In the incestuous world of advertising, most offspring have useful traits and yet, like in-laws seen years later at an unavoidable wedding party, also have grating flaws. You may find direct-response specialists focused on lead gen and costs per inquiry, all metrics, no vision. You encounter brand masters worried about identity and consistency and positioning, strategic geniuses who can’t spell results. You have creative types who ideate their way to castles in the clouds, visionaries who can’t count. You find young social media gurus, casting dispersion on traditional ad habits and talking about collaboration, communities and curation, all eloquence to little effect. And of course you know the New York City ivory-tower grandfathers, not really ad specialists but they’ve worked with Coke or Pepsi so they’ll skewer your ideas with a glare that says, where we come from, back in the day, we did everything so much better.
Yet, sometimes, rarely, you find the long-lost bearded-results mountain man, a crotchety oldster who legend has it once hiked the Appalachian Trail while making wine coolers hip in the 1980s. If he were an ad himself, he’d be Dos Equis’ Most Interesting Man in the World. We call him Uncle Yield. If you are lucky enough, you might ask Uncle Yield for real advice on how to make advertising work better.
“Sonny, you’ve got to increase the yield.”
What the heck is “yield,” you ask? Why, you’ve just spent a million bucks on advertising with a sharp agency owned by an acronym in New York City, made the phones jump, captured 20% as leads and then sold a fraction of those respondents your product. The ads worked. You did your job. The arrogance of this old fart!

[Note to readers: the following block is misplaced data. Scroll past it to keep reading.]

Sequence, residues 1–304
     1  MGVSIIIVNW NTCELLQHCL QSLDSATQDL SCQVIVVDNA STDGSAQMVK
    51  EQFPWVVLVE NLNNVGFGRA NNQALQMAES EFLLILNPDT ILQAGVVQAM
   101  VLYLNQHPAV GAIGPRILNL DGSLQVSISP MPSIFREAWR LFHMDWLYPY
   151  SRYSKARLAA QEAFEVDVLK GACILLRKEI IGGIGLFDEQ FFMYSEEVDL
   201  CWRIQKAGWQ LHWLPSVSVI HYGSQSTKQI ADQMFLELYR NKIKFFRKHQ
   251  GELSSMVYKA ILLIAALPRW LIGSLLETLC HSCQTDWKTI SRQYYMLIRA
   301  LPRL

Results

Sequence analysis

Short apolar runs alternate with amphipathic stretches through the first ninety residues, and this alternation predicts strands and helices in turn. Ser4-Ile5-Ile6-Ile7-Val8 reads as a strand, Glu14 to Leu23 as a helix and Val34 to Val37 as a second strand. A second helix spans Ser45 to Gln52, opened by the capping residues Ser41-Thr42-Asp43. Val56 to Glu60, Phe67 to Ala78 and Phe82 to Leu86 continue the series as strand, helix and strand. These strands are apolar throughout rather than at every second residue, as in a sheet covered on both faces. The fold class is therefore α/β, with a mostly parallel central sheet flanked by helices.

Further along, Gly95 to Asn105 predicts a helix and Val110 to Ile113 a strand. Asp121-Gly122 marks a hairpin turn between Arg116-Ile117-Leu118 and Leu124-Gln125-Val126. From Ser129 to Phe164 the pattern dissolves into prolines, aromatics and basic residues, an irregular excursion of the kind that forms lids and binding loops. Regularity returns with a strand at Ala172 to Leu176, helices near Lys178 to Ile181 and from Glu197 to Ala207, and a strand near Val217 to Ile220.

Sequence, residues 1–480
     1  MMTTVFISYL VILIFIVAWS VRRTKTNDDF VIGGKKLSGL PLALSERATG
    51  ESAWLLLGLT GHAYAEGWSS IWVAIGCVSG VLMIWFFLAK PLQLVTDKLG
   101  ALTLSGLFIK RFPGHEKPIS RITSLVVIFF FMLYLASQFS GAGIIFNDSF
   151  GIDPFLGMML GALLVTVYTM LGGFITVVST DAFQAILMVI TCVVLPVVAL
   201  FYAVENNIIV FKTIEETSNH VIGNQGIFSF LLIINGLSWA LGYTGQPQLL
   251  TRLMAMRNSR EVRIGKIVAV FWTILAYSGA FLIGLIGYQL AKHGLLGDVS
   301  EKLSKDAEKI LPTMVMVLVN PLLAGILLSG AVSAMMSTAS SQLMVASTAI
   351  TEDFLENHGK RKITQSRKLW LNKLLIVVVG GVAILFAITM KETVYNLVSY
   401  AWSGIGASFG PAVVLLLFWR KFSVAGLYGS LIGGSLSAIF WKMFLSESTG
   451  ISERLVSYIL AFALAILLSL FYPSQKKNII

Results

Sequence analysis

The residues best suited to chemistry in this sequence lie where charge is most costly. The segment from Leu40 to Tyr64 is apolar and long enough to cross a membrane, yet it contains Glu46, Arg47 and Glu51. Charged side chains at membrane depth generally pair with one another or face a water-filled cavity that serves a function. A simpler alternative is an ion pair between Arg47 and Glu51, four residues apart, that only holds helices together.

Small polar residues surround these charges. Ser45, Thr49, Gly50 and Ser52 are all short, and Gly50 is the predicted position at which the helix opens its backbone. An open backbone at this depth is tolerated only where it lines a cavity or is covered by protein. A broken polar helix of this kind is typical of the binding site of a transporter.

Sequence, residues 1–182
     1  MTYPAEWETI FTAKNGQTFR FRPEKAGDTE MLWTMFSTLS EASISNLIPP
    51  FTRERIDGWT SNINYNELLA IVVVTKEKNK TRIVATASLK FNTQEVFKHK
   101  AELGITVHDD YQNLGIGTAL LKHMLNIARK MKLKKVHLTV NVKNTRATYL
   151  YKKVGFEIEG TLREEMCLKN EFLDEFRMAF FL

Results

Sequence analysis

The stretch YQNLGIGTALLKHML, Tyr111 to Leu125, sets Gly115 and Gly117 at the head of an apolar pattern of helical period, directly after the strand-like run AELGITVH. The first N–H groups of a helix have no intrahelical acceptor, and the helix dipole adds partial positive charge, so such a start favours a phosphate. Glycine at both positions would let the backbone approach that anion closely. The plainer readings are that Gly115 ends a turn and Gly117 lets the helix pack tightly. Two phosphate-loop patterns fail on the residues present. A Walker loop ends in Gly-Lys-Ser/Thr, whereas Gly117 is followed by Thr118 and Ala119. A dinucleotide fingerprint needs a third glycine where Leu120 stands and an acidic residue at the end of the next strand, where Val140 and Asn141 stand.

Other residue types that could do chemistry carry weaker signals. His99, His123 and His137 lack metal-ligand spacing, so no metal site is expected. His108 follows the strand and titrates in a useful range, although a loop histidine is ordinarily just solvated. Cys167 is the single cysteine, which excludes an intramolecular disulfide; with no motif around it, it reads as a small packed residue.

But your grumpy old uncle wouldn’t be satisfied with back-talk. He’d opine, “Laddie, when I was a child, we never threw anything out — especially your lost leads. Here’s what to do.
“Remember those people who called but you never caught as leads? Well, a lot of people get off the phone without giving you their contact information. But they called you, didn’t they? So they must be interested, right Sonny? So look up their originating phone number, append their address information, and put them in your prospect database. If you’ve only caught 20% of respondents as leads before, now you’ve increased your prospect pool by 5x!” Uncle Yield has been reading HBR, and he knows how to calculate a 400% lift in prospects. You blush.
“You with me lad? You’ve now identified a lot of people you didn’t sell! Now, get aggressive, Sonny! Do something! Call those unsold leads, and if you can’t get them on the phone, hit them with direct mail. And then hit them again. Because those unsold leads already told you they’re interested, like a girlie batting her eye at you in the downtown bar, so step up, you’ll reap double your regular conversion rate. You’ll be gaining many more customers for almost zero incremental cost. Why, a 10% increase in sales from your untouched, unsold leads equals hundreds of thousands you won’t have to spend on advertising next year!”
Well, damn, if he just didn’t teach you a trick about remarketing. You feel OK, it’s a good idea. Sure, there are risks. You bring up DNC requirements for remarketing, the need to get lawyers involved to make sure your contact approach is in line with the law, the fact that your direct mail budget may need some tweaking to free up funds from what until now had been an elegant intellectual exercise in targeting people who don’t know who you are. It won’t be easy, you say. Your uncle digs out more earwax, scoffs, and says, “For Pete’s sake, boy, turn up the office thermostat. Don’t you know cooling this operation costs money?”